I’ve never understood the conspiracy theories behind the Nazis and their purported beliefs in the occult. Do these people really need their blind hatred and misanthropy explained, or is this a matter of demonizing the pagan religions by associating them with Hitler and the boys? That said, when done correctly, such shoestring connections make for some entertaining film, as is the case with the nautical vampire horror that is Justin Dix’s Blood Vessel.
A group of lifeboat-riding survivors find their only hope aboard a Nazi warship which just so happens to be carrying a couple of bloody secrets in the cargo bay. Without any other options, and shore miles and miles away, the castaways get onto the German minesweeper, exploring the seemingly-abandoned ship as they attempt to make it out of the northern Atlantic Ocean. When the ancient evil on the ship awakens, the ship threatens to become their tomb.
For a film called Blood Vessel, the violence needs to either be frequent, impactful, or even both. I wouldn’t say it’s in column A, but it is firmly in column B, as the spectacular kills we do get are, in a word, juicy. When the red stuff gets spilled, it is in great quantity and quality, making the kills that much more satisfying to watch. On the subject of special effects, the makeup on The Patriarch and The Matriarch (Troy Larkin and Vivienne Perry, respectively) makes them look centuries old, almost zombie-like, but no less menacing as our vampire antagonists.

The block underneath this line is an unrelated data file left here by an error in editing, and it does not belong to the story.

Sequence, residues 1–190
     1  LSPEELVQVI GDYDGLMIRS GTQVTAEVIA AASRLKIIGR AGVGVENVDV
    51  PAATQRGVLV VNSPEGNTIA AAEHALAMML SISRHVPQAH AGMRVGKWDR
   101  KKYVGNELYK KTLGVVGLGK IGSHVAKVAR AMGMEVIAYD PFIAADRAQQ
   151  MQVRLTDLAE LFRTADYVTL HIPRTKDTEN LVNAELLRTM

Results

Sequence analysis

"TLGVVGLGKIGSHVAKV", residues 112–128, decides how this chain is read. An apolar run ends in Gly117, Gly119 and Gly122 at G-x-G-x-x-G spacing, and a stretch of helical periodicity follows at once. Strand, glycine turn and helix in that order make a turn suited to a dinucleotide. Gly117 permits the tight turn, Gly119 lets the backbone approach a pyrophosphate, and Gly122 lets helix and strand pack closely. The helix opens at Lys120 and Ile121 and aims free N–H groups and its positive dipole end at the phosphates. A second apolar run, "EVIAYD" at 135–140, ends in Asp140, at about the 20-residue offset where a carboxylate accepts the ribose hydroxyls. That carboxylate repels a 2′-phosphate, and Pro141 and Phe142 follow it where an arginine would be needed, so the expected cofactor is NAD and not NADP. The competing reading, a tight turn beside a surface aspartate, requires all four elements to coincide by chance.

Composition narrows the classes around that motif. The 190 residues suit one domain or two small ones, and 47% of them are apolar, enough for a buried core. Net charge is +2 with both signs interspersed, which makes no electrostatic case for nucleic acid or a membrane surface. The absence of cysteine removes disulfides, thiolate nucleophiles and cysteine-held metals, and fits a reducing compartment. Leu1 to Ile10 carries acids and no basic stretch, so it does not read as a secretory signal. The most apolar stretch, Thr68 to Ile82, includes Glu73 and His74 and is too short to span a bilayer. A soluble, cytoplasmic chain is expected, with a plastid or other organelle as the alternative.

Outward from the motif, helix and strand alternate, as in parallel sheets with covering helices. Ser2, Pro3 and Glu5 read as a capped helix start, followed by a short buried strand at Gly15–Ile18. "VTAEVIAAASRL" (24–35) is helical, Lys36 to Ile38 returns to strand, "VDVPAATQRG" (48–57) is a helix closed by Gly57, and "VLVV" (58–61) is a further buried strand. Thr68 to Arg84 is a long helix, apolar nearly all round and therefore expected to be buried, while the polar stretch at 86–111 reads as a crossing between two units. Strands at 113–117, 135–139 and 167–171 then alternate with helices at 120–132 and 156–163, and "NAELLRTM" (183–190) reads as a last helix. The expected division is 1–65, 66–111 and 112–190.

Visually, the overall presentation is drab and dark. The interior of the ship is dimly lit, and while it certainly is atmospheric, it does make a handful of moments harder to see. What does work, though, is the red filter that the screen gets when a member of the would-be crew is overtaken by The Patriarch’s powers. There is also an excellent two-shot sequence with Faraday (John Lloyd Fillingham) and The Patriarch which is another great editing choice.
All told, though, given the hook of “Nazi vampires at sea,” I was expecting a little faster pacing and less of a lull between kills. I wouldn’t go as far as to say that the film drags on in any particular section, but it’s not until we’re introduced to the Strigoi (the name for the vampire couple) that things seriously pick up steam. In this respect, it’s a film of two parts: exploration of the ship and extermination of the unwitting passengers. Temper expectations just a bit, and you’re in for a serious treat of an action/adventure spin on the vampire film.
Blood Vessel is streaming exclusively on Shudder, with a Blu-Ray release available through Umbrella Entertainment.